Our legislative rep Dave Renner, CAE, shares an update on the status of Minnesota’s budget bill and the need for a special session.
Governor Tim Walz, Majority Leader Paul Gazelka (R-East Gull Lake) and Speaker of the House Melissa Hortman (DFL- Brooklyn Park) announced a final deal on the state budget targets on May 17, 2021, but a special session will still be needed to complete work on the budget bills.
Knowing that the Legislature would not be able to complete their work before adjournment, the conference committee on the health and human services bill has adopted a scaled-back bill that includes only items with which there is agreement between the House and Senate. Even with an agreement on overall spending levels, there are many issues that still need to be resolved before the final budget bills can be passed. Legislative leaders have directed conference committees to continue working after adjournment and complete their work no later than June 4. A special session will be called no later than June 14.
Key issues important to physicians and patients included in the Health and Human Services budget bill:
- The bill strengthens current prohibitions on pharmacy benefit managers (PBMs) from prohibiting pharmacists from discussing drug prices with patients. Referred to as “the pharmacy gag clause,” it allows a pharmacist to discuss the cost of a drug with a patient, including what the pharmacist is reimbursed by the PBM.
- The bill adds to the existing law for drug repositories to allow over-the-counter drugs to be donated. The repository is a way to allow excess drugs to be donated and redistributed to uninsured Minnesotans who cannot afford needed medications.
- The bill requires health plans credentialing providers to make their decisions on a “clean application” within 45 days. This addresses delays in credentialing that were making it difficult for physicians and other providers from billing health plans.
- The bill removes a requirement for physicians treating pregnant patients from reporting them to social services if they are using a controlled substance during pregnancy. If the patient is receiving prenatal care, the requirement to report is waived. This is intended to remove a barrier for patients to receive necessary prenatal care.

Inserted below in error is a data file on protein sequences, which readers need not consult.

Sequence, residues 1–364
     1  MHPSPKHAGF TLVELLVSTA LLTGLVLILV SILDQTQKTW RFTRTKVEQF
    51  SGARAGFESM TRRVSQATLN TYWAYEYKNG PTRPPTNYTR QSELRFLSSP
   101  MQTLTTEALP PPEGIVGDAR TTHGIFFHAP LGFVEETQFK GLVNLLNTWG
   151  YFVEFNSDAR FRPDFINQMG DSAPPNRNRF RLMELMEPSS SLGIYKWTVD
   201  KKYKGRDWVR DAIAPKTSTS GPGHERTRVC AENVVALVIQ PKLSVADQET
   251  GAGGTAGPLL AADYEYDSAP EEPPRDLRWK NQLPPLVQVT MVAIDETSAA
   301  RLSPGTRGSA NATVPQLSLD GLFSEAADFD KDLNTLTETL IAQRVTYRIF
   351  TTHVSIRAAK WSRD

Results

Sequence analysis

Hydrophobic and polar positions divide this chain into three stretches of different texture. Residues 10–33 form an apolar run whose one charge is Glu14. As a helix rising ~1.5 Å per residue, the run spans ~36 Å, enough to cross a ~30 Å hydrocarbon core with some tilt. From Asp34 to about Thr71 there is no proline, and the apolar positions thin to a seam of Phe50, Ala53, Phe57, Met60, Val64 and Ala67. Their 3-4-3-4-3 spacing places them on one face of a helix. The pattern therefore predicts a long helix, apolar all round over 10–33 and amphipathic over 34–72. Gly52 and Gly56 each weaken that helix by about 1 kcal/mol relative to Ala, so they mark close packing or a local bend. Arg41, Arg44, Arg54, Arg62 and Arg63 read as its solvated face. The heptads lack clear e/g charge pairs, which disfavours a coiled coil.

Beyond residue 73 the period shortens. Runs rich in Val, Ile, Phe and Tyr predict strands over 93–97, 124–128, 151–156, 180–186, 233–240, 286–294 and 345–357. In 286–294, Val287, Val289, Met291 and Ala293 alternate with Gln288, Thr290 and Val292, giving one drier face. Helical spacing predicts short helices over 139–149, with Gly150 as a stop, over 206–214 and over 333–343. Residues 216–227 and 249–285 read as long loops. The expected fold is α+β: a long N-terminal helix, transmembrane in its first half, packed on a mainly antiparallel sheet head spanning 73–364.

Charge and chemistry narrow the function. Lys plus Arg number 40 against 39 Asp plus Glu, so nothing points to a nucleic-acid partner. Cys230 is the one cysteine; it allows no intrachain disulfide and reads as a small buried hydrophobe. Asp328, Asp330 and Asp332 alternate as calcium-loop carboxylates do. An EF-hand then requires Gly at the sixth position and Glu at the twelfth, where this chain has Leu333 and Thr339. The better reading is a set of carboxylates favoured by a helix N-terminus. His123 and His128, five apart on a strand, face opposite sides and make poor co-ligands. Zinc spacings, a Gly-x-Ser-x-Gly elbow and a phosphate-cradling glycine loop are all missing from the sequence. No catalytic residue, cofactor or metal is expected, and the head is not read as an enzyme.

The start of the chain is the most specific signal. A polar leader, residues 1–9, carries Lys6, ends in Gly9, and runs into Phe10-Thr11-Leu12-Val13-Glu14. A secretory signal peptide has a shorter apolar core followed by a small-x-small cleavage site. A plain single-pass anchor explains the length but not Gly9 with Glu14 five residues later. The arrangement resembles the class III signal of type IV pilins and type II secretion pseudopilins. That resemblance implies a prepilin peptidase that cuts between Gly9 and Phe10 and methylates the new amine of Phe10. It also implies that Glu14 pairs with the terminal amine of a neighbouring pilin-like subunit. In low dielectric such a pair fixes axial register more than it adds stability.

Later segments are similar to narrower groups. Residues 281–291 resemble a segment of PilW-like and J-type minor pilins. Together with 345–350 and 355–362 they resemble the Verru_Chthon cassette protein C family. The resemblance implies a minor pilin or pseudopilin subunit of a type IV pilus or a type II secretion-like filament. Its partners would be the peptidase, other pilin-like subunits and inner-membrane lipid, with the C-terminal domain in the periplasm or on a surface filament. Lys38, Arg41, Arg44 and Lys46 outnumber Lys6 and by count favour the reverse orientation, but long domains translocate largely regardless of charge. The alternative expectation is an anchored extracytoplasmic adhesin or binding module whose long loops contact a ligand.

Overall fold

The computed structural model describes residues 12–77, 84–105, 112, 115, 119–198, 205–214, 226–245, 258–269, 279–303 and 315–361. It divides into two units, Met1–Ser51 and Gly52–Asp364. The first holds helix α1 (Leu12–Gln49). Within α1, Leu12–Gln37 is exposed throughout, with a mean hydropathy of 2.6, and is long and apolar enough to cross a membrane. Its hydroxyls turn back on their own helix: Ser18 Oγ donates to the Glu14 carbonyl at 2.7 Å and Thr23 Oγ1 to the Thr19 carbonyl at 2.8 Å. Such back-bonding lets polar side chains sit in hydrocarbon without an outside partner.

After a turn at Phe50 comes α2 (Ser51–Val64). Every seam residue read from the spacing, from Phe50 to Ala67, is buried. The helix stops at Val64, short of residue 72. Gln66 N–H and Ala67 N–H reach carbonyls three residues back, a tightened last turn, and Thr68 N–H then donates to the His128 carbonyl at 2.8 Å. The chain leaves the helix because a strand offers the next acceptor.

- The bill clarifies that organ transplant programs cannot discriminate against a patient based on the person’s mental or physical ability. This is in response to reports that some programs were disqualifying people who had certain conditions, such as Down syndrome, for transplants.
- The bill modifies the medical cannabis program to allow the use of raw, smokable cannabis. Minnesota is the only state that has a medical cannabis program that does not allow raw leaf. It has resulted in our products being more expensive than other states because of the added cost to process the product into pills or oils.
In addition to deciding the specific health and human services spending levels for the next two years, there are several key issues in the health and human services bill, including:
- Expanded, ongoing coverage for telehealth and telephone services. There is bipartisan support for continuing coverage for services from a patient’s home and for including audio-only services. Many legislators are questioning whether they should include a sunset for the audio-only coverage in 2023 to force the Legislature to review how it is working.
- Expanded Medical Assistance (MA) coverage for pregnant persons for postpartum care. Current law only covers 60 days postpartum for some MA enrollees. There is bipartisan support to expand that coverage—the Senate extends it six months; the House extends it 12 months.
- Limits on drug formulary changes by insurers or pharmacy benefit managers for patients who are experiencing success with a medication. This provision is included in the House bill, but not the Senate. Because enrollees are bound by a contract to remain in the health plan for a year, why should the insurer be able to change the coverage within that health plan during the year?
- Price transparency for consumers on the cost of services is included in different forms in both bills. The Senate language amends current law that requires a provider or health plan to provide a good faith estimate of the cost of a procedure when asked by the patient. The Senate bill would shorten the timeline to provide the estimate from 10 business days to 5. The House bill creates new requirements for orthopedic, radiology, ophthalmology and anesthesiology clinics to post charges on their website.
The Minnesota Constitution requires the Legislature to pass a balanced, two-year budget before the end of the fiscal year on June 30 to avoid a partial government shutdown. The Constitution also requires the session to end no later than May 17 at midnight this year. This will result in the Legislature needing to return in June for a special session to finish its work.